Wolf: Fact file

The Wolf: A fact file

What exactly is a Wolf?
The wolf (Canis lupus) is a large predator of the Canidae family. Wolves are similar to some dog's in appearance, however they are very different in how they act and think. Wolves have a long muzzle, powerful jaws and a large head along with rounded ears, intelligent golden-yellow eyes and a thick fur coat. Their fur colour varies from white to a black depending on their subspecies, but also includes all the colours in between such as: white, red, brown, and grey-brown — think of all the colours of wolves we have at the Wolf Trust!


Male wolves are usually heavier and taller than the female wolves who tend to be slighter in the frame, yet females are no less impressive. All wolves have strong, muscular bodies designed to hunt prey however they vary in size depending on their subspecies. They can survive in temperatures as low as -50°C and as high as 40°C, they also have a keen sense of smell and hearing.

What do wolves eat?
Wolves main food source is meat as they are carnivores, which is a group of animals (including bears and foxes) who eat meat almost exclusively, and because this means they prey upon other animals they are also predators. Most of the wolves' main prey can run faster than them so wolves hunt in packs and work together by using their bodies to communicate to catch their food. Have you heard the saying “wolfing it down”? A wolf can eat around 9 kilograms of food in one meal, that’s about the same as eating 80 hamburgers!

The most popular sources of food for wolves are large, hooved animals such as elk, bison, caribou and moose. When they hunt as a pack it means that they can hunt animals bigger than themselves which means they all can eat. However, they also hunt smaller animals, often individually, such as hares, beavers, birds, fish and even mice to help to keep their bellies full! A small part of their diet is fruit and berries when they are in season as they taste and smell sweet and sugary! Below are some pictures of the animals they hunt; can you work out how they try to avoid being eaten?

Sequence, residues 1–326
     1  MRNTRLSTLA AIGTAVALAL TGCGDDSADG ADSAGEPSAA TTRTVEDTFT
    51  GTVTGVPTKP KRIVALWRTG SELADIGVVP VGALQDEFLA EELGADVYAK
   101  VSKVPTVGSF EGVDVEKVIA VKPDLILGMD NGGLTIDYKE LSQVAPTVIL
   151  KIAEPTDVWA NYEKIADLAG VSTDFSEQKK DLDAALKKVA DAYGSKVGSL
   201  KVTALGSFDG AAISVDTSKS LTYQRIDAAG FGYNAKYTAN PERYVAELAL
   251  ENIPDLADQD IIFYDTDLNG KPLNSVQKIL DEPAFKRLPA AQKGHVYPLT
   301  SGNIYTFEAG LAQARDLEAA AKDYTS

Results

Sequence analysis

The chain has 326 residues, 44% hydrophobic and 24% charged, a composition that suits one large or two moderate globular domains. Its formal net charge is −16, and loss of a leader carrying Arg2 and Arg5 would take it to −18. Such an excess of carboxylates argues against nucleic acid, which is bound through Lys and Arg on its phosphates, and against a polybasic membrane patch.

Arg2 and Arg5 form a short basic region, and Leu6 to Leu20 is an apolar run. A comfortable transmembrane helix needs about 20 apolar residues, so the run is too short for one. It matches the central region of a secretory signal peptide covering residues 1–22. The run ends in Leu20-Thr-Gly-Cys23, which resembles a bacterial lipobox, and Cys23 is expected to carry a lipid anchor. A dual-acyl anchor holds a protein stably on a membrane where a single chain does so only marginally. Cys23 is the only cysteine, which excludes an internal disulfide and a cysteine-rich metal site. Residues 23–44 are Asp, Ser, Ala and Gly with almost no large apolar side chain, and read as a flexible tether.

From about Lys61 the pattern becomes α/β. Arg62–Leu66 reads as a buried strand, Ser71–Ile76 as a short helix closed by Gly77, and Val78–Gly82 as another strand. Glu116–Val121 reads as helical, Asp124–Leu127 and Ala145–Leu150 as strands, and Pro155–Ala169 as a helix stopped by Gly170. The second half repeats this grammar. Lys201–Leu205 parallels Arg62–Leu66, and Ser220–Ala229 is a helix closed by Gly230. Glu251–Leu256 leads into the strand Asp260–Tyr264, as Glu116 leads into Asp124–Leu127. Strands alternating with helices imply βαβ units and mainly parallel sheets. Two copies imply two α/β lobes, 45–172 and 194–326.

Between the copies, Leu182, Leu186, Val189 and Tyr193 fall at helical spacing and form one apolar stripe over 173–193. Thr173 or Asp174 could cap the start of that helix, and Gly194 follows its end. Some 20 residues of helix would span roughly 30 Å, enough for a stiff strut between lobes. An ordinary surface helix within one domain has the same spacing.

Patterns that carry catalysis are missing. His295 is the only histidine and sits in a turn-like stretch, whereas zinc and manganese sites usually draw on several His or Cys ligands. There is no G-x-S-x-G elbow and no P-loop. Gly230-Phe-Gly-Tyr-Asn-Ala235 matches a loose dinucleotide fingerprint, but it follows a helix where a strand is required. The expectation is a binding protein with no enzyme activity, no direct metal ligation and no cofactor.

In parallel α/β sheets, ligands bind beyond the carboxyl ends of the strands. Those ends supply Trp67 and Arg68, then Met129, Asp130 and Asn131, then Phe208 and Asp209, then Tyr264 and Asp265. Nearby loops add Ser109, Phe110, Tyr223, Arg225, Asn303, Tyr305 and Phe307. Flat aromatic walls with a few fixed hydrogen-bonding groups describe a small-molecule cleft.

How are dogs related to wolves?
Some species of dog (such as a German Shepherd) can look a little similar to wolves, while some can look very different. Dog's were domesticated from wild wolves, much like the ones you can see at the Wolf Trust, by humans. The process in which dogs evolved is called domestication, and it happened many thousands of years ago.

No one is completely sure how domestication took place, of course, because no one who was there when it happened is alive now to tell us how! Also, because the process of wolves evolving into dogs would have taken a long time it was a slow process and therefore undocumented. The most popular theory on how domestication happened is the "rubbish dump" theory where wolves, being opportunistic scavengers, would likely have approached humans while scavenging on the edge of human settlements. The bold but aggressive wolves were likely to have been killed, whereas the bold but friendly ones would have been tolerated. This "friendliness" towards humans also coincided with a change in appearance for the wolves - they started to have wagging tails, patterned coats and even floppy ears in some cases. Then, gradually over the years, these animals evolved into today's dogs.